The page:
THE LATEST ON THE CORONAVIRUS (COVID-19) OUTBREAK
PA Governor Wolf Updates List of Businesses Considered Life-Sustaining
A day after ordering the closing of all non-life sustaining businesses in Pennsylvania by 8:00 p.m. Thursday, March 19, because of the COVID-19 coronavirus, Pennsylvania Governor Tom Wolf and Pennsylvania Secretary of Health Dr. Rachel Levine provided an updated Friday, March 20, that included adding businesses to the list that is considering life-sustaining.
“Yesterday, I made the difficult decision to order the closure of the physical locations of businesses that are not critical to sustaining life in a pandemic, and to practice social distancing for all others,” Wolf said. “We’re in an unprecedented crisis and we need to use every tool at our disposal. The difficult decisions we make now will make it possible for our health care workers to manage this crisis as we see the full brutality of the virus in the coming weeks.”
The orders to close the physical locations of all non-life-sustaining business took effect at 8:00 March 19. Enforcement actions against businesses that do not close physical locations will begin at 12:01 a.m. Saturday, March 21. Businesses are encouraged to use virtual or telework operations if they can do so, according to Wolf.
The list of businesses considered life-sustaining is now different than the original list issued by Wolf March 19 and now includes Specialty Food Stores, Drycleaning and Laundry Services, Accounting, Tax Preparation, Bookkeeping, and Payroll Services, Insurance Carriers, Insurance, and Employee Benefit Funds, Agencies, Brokerages, and Other Insurance Related Activities (In-person sales/brokerage are prohibited), Printing & Related Support Activities, Timber Tract Operations, Forest Nurseries and Local Gathering of Forest Products, Logging, Support Activities for Forestry, Coal Mining, Metal Ore Mining, and Nonmetallic Mineral Mining and Quarrying. In addition, rooming and boarding houses were clarified to include hotels, and legal services that are expressly permitted by the Administrative Office of Pennsylvania Courts will be allowed. A complete updated guide can be found here.
“Business guidance has been updated after conversations with businesses, stakeholders, and individuals—in consultation with the Department of Health—and has been aligned with the Cybersecurity and Infrastructure Security Agency advisory released yesterday,” a release from Wolf’s office said. “This is an evolving situation and decisions will continue to be made and revisited as needed. If a business listed for closure believes it could help mitigate this crisis by providing a life-sustaining service, it can seek an exemption.”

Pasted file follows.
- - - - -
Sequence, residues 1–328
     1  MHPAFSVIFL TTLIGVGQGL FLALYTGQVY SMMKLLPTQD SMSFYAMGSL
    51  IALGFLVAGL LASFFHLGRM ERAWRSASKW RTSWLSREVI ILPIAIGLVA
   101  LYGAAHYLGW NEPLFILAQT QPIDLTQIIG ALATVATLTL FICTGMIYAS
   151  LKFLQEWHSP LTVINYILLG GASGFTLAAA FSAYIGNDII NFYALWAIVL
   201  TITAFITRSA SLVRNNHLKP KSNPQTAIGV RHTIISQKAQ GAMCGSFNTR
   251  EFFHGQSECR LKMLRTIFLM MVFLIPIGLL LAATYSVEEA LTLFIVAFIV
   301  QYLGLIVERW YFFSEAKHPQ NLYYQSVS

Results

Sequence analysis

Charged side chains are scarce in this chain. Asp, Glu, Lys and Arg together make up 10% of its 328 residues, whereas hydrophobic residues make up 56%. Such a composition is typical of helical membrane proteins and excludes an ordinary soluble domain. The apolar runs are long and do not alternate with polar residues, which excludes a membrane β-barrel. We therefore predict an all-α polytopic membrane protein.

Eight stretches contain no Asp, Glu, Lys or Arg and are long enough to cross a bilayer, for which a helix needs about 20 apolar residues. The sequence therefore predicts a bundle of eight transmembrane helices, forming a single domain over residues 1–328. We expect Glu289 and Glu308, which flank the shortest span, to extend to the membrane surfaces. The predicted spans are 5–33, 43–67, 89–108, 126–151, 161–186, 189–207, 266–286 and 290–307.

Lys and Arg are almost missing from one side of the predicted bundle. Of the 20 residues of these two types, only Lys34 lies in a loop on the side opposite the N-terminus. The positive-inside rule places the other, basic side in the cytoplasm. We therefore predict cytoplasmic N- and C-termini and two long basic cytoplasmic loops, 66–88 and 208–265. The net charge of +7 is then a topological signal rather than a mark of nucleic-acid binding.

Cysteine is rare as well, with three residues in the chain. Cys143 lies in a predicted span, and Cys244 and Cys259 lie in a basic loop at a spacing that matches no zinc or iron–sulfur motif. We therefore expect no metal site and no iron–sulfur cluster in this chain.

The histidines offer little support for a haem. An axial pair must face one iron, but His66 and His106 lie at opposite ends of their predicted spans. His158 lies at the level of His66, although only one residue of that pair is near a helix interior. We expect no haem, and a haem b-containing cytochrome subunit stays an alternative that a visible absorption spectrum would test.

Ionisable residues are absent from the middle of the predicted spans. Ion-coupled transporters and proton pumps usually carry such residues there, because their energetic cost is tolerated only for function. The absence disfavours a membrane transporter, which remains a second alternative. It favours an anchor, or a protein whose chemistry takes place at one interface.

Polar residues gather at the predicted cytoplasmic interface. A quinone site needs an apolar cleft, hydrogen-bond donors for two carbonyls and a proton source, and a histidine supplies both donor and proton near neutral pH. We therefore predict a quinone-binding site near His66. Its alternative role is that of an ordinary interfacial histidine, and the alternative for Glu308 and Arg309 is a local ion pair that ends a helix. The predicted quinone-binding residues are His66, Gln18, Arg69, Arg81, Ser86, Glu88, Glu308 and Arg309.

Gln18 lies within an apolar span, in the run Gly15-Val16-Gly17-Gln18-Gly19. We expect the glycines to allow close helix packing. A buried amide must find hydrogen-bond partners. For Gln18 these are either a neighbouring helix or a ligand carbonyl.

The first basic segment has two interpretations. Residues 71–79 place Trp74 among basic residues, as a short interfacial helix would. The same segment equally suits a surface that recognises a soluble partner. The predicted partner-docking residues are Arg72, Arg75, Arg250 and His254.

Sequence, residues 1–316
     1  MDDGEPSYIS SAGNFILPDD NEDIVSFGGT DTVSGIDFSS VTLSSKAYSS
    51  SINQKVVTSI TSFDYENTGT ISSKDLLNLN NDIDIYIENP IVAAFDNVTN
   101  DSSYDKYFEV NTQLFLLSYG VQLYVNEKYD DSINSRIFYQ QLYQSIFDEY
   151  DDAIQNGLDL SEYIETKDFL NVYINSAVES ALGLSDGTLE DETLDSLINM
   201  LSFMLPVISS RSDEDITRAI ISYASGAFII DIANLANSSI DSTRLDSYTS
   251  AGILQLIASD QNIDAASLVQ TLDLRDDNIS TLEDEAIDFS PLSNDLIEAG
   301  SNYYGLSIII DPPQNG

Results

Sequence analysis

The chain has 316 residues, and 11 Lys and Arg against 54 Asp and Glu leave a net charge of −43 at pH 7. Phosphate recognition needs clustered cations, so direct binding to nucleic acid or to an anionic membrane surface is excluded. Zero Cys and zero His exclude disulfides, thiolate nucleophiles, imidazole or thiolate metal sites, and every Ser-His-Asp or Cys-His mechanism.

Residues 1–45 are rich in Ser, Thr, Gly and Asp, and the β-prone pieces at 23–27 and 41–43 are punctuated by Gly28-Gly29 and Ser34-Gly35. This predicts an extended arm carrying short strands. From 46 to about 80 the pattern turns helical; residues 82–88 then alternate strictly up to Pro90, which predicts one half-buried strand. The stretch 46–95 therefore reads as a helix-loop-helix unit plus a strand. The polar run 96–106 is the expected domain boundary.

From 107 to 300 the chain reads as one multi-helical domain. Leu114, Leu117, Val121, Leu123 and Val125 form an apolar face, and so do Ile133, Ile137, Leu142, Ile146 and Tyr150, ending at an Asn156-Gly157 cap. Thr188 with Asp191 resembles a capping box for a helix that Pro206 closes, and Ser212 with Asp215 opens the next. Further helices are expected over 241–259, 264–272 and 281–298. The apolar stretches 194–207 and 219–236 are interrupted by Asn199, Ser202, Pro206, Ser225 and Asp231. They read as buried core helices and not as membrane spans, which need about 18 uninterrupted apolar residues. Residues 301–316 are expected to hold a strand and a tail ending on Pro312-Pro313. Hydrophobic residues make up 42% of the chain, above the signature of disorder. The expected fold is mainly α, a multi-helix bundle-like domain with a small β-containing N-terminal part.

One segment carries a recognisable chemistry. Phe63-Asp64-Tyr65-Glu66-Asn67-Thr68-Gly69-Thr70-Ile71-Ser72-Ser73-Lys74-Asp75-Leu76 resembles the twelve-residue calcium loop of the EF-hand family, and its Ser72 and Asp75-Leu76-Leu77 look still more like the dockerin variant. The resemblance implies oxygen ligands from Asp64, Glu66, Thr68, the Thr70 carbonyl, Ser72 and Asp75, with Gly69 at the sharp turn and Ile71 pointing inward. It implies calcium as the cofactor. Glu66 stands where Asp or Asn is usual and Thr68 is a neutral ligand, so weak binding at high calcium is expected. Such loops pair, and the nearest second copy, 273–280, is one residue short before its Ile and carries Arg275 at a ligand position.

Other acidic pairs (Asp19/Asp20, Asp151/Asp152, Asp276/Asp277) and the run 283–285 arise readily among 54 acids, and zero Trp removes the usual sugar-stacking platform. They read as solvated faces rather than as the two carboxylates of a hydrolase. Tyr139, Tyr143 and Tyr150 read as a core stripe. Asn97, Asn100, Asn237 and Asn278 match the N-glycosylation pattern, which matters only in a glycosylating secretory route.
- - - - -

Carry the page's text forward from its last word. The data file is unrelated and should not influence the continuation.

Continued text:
Businesses can get a waiver application through the Department of Community and Economic Development (DCED) website. or may contact the Department of Community and Economic Development at firstname.lastname@example.org or by calling 1-877-PA-HEALTH and selecting option 1.
“I was a business owner for much of my adult life and I understand your concerns,” Wolf said. “These are uncharted waters and we’re going to do everything we can to help the people and businesses of Pennsylvania.”
The spread of COVID-19 is increasing at an exponential pace, especially in urban areas and southeast Pennsylvania. New cases are beginning to appear in other counties, which suggests community spread. The Department of Health reported earlier today there were 83 new cases of COVID-19, bringing the statewide total to 268 Pennsylvanians who have tested positive in 26 counties.
“While we continue to be concerned about the spread of this virus to seniors, a preliminary analysis from the CDC this week shows that 20 percent of all hospitalized patients in the U.S. are between 20 and 44 years old,” Levine said. “We are seriously concerned that individuals in their 20 to 44 age range are not heeding the message to stay home and are creating an unnecessary risk to themselves and others.”
The Department of Health is working with health systems and hospitals to determine their current abilities to handle a surge of people needing hospitalization and the commonwealth is looking for all options to add capacity for the health care system to care for a surge of Pennsylvanians needing care.
“There is one way to make sure people don’t need to be hospitalized and we don’t strain our health care system: Stay calm. Stay home. Stay safe,” Levine said.
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